New York City has a parking enforcement unit that authorizes the Sheriff or City Marshal to seize vehicles for unpaid parking tickets. The unpaid parking tickets are treated as a money judgment against the vehicle owner. Under Article 52 of the CPLR, the City is entitled to enforce the judgment by selling the vehicle. Following seizure, the City will send a written notice to the lienholder advising that the car has been impounded and warning that the car is subject to sale by auction.
A judgment sale cannot wipe out a lien which is recorded on the title. Thus, when the City has the Marshal sell a vehicle for unpaid tickets, all recorded liens stay on the title. The purchaser takes the vehicle subject to all recorded liens. The lienholder can then repossess the vehicle from the purchaser.
New York City allows a lienholder to recover a seized vehicle before the vehicle goes to sale. A lienholder who wants to recover a vehicle which has been seized for tickets needs to send three specific documents by overnight mail to: Director of Parking Enforcement, NYC Dept. of Finance, Legal Affairs Division, 210 Joralemon Street, 9th Floor, Brooklyn, NY 11201. The three required items are: 1) a hold harmless agreement for the NYC Parking Enforcement Unit (signed and notarized); 2) copy of the contract; and3) proof of the lien on title. The City generally identifies a vehicle by license plate number so it’s a good practice to reference the license plate number on all correspondence. The City is generally willing to postpone a scheduled sale to give a lienholder time to send in its claim for recovery of the vehicle. Requests Should be sent by email to: email@example.com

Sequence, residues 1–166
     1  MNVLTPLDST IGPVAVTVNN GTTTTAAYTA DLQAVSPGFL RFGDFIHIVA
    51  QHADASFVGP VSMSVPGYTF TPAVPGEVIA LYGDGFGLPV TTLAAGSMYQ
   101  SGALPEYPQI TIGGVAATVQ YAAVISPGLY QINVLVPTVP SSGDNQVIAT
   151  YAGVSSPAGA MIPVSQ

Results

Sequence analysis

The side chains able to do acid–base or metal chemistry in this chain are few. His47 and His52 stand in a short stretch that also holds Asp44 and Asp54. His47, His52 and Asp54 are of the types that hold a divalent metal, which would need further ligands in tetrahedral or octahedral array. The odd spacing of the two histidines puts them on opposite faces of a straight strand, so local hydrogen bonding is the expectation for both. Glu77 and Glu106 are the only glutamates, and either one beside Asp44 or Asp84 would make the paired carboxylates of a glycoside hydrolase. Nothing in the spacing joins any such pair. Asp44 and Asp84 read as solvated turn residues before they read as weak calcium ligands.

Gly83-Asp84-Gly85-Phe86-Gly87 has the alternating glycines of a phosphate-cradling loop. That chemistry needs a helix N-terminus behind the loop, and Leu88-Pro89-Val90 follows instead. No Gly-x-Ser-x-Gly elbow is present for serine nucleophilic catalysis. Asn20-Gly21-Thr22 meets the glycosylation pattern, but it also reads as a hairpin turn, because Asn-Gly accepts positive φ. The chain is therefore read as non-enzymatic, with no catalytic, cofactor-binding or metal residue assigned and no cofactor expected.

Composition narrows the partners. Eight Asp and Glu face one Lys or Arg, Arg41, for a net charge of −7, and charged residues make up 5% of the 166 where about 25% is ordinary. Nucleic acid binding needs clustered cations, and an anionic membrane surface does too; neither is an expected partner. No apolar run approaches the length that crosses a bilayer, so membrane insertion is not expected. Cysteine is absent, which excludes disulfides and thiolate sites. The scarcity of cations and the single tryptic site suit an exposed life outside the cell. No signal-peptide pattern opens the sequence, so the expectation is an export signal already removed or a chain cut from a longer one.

Now comes the big question: What fees are lienholders required to pay in order to recover a vehicle that has been seized for unpaid tickets? The two obvious charges are the tickets them-selves and towing/storage fees.
A lienholder has absolutely no obligation to pay parking tickets. This is because parking tickets are part of the judgment charged to the vehicle owner and a lienholder is not the owner. (In contrast, a lessor is the owner and must pay the parking tickets).
Towing/storage fees are also part of the judgment chargeable only to the owner, but the Parking Enforcement Unit tries to make lienholders pay these costs regardless of the law. The case law clearly holds that lienholder’s rights are superior to those of a judgment creditor who is trying to enforce a judgment through a Sheriff or Marshal. (See GMAC v Maloney, 46 Misc2d251; Fitzpatrick v Bank of NY, 124Misc2d 732).
The bottom line is that lienholders are not required to pay any fees when recovering a vehicle which has been impounded for unpaid tickets. Lien-holders often pay storage fees as a gesture of good will towards the City. However, it is good to know that if the amount demanded is excessive, the lienholder can challenge the amount and demand a reduced figure.